In the context of the Jnan Yoga (Yoga of knowledge) and associated action, while narrating various types of sacrifices offered by the aspirants such as the sacrifice of the material possessions and austerities in previous verses, Shree Krishna strongly recommended Pranayama, the fourth component of Ashtanga Yoga, as an effective method of cleansing the impurities of the body, mind and soul, which is a pre-requisite to move on the path towards the salvation. In essence, the way impurities of the material world are burnt by the fire to become pure, in the same manner the oxidation process through the controlled breath purifies the man of his impurities of the body and mind.

In the Bhagavad Gita, Shree Krishna does not stop by merely underlining the significance of Pranayama or breath-control, He insists that the sacrifice of the breath i.e., the controlled breathing is the key for a human being’s wellness and betterment in all areas of life through all ages. Through the regular practice of Pranayama, a person can get rid of negative attributes and emotions such as desire, fear and anger while simultaneously inculcating positive ones to make him a better soul with every passing day. The practice of breath-control and associated accrued benefits are delineated in the following verses.

Sparshan kritva bahir bahyansh chakshush chaivantare bhruvoh,
Pranapanau samau kritva nasabhyantara-charinau.

Yatendriya-mano-buddhir munir moksha-parayanah,
Vigatechchha-bhaya-krodho yah sada mukta eva sah.

(Shutting out all thoughts of external enjoyment, with the gaze fixed on the space between the eye-brows, regulating the flow of the incoming and outgoing breath in the nostrils, and thus controlling the senses, mind, and intellect, the sage who becomes free from desire, fear and anger, is ever liberated.) (BG: Chapter 5, Verses 27-28)

The aforesaid may be equally applicable to all human beings including house-holders but is more conducive to ascetics inclined to have regular practice of Ashtanga Yoga or Hatha Yoga. As they are already detached from the worldly chorus, it is easier for them to shut out thoughts of the sensory objects while controlling breath with focus between the eyebrows. For others too, similar state could be achieved through the disinterested action, the reason why Shree Krishna insisted on Karma Yoga in a detached way for the seekers. In the ordinary course, when the eyes are closed, one may be overtaken by sleep, and if they are open, one may have risk of distraction due to tempting sense objects in the surrounding. Hence Shree Krishna insisted on concentrating gaze between the eyebrows and tip of the nose. Then the seeker must try to harmonize the Prana (outgoing breath) and Apana (incoming breath) until the two are suspended in yogic trance, which enables the person to control senses, mind and intellect. Such ascetic practices lead to the realization of Self (Atma-Jnana) leading to oneness with God on the path of liberation.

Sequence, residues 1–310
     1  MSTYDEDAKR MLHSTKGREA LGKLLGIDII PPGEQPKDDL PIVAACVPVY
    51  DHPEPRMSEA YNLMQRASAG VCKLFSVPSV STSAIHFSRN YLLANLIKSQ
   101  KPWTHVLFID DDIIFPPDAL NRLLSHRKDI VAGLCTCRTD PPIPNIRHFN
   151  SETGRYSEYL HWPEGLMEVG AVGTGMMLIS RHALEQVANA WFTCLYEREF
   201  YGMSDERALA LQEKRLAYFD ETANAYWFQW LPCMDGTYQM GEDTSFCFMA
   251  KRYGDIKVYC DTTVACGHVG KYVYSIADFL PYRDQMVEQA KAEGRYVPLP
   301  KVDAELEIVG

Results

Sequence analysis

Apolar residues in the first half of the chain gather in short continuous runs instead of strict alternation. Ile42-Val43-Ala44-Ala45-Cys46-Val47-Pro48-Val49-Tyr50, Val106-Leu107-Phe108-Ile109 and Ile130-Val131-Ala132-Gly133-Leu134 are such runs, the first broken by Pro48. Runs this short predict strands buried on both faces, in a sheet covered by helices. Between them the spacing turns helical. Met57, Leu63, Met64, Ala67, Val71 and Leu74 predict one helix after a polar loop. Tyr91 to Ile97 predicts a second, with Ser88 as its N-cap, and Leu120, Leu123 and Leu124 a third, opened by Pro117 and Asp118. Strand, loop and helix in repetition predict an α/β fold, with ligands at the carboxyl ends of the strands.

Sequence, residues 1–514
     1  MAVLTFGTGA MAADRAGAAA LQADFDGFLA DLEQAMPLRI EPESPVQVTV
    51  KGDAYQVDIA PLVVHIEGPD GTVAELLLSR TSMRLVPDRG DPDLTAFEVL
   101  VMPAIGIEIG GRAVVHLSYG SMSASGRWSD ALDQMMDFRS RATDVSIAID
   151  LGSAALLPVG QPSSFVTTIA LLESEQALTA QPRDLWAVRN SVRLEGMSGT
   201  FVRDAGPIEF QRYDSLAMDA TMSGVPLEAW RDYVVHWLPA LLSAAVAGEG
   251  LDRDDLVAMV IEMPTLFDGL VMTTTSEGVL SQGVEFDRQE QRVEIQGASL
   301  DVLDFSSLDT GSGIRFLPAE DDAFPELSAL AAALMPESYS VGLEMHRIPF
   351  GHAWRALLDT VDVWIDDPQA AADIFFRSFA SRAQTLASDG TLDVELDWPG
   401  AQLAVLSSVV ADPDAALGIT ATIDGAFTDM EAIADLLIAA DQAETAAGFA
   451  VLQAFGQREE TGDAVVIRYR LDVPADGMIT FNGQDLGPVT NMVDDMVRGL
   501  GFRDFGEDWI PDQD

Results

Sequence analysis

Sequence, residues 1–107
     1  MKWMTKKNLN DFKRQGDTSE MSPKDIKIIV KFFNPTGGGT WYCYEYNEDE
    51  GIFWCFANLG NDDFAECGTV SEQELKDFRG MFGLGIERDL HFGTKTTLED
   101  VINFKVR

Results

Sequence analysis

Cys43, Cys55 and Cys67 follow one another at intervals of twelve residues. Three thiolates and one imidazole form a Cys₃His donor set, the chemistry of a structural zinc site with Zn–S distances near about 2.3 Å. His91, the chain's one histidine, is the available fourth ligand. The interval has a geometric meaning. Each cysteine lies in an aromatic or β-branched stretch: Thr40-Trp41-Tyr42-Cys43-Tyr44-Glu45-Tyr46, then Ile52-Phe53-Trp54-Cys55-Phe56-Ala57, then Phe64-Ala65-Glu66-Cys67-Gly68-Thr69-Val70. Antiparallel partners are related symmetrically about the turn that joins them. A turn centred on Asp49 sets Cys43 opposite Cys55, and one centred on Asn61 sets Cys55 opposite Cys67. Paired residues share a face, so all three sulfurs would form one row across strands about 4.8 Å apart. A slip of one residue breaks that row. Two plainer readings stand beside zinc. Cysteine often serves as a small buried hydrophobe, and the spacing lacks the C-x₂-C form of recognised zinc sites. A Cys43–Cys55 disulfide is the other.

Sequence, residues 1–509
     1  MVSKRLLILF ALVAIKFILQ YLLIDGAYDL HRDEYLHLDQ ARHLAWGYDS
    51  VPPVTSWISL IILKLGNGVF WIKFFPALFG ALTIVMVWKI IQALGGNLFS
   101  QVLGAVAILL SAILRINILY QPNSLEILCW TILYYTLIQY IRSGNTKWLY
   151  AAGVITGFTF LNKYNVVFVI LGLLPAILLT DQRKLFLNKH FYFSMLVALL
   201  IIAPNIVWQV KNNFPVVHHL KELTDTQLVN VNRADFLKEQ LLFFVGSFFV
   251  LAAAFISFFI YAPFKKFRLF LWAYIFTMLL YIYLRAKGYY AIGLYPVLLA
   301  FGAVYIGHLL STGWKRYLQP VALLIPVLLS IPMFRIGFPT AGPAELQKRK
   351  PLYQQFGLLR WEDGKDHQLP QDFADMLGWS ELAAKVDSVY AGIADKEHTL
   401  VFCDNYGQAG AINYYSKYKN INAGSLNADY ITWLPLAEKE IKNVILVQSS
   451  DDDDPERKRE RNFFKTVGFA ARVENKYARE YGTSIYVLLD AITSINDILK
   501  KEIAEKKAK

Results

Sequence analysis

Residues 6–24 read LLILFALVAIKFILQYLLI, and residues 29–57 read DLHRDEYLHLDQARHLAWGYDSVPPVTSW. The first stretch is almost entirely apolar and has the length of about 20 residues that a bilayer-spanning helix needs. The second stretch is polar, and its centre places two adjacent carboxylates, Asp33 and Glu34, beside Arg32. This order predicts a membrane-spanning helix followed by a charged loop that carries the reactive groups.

Philosophy of Pranayama

The life of every living entity, be it human beings or any other animals, begins with the breath at birth and ends with the breath at death. Thus the breath is synonymous with life in a way without which the life ceases to exist. Perhaps this is the ultimate reality that is why the ancient Indian sages and scholars had concluded that the breath contained “Prana”, an invisible energy sustaining all life forms. This life energy is believed to be also present in all life sustaining substances and objects such as water, food and sunshine directly or indirectly. This is the reason why a living being can sustain without these substances for some time but cannot survive without the breath even for a few minutes.

Pranayama is essentially the system of yoga or science controlling and regulating the breathing process which is said to be initially practiced in Hatha-yoga mode. Hatha is a Sanskrit term which literally means ‘force’, thereby the yogic practice involving various physical techniques. The ancient practice involved the control and regulation of air within the body to enable its simultaneous passage in opposite directions with the envisioned goal of controlling the senses with the ultimate aim of the spiritual realization. Apart from the spiritual gains, it is scientifically determined that this yogic practice has several perceptible and visible benefits on the overall physical and mental health of the practitioners.

As mentioned earlier, Pranayama is routinely understood as the control of breath, which essentially involves the following processes:

  • When the breath is drawn into the lungs of the living being, this activity or process is known as Puraka;
  • The process of emptying the lungs of breath is called Rechaka;
  • After inhalation, the breath is retained in the lungs for a while, which is referred to as Antar Kumbhaka. Here the outgoing breath gets suspended in the incoming breath during the period of suspension;
  • After exhalation, the lungs remain empty for a while, which is referred to as Bahya Kumbhaka. In this case, the incoming breath gets suspended in the outgoing breath during the period of suspension.

Scholars hold that both the kumbhakas are advanced techniques in Pranayama that should be practiced only under the supervision and guidance of the qualified teachers, else they might cause harm rather than benefit.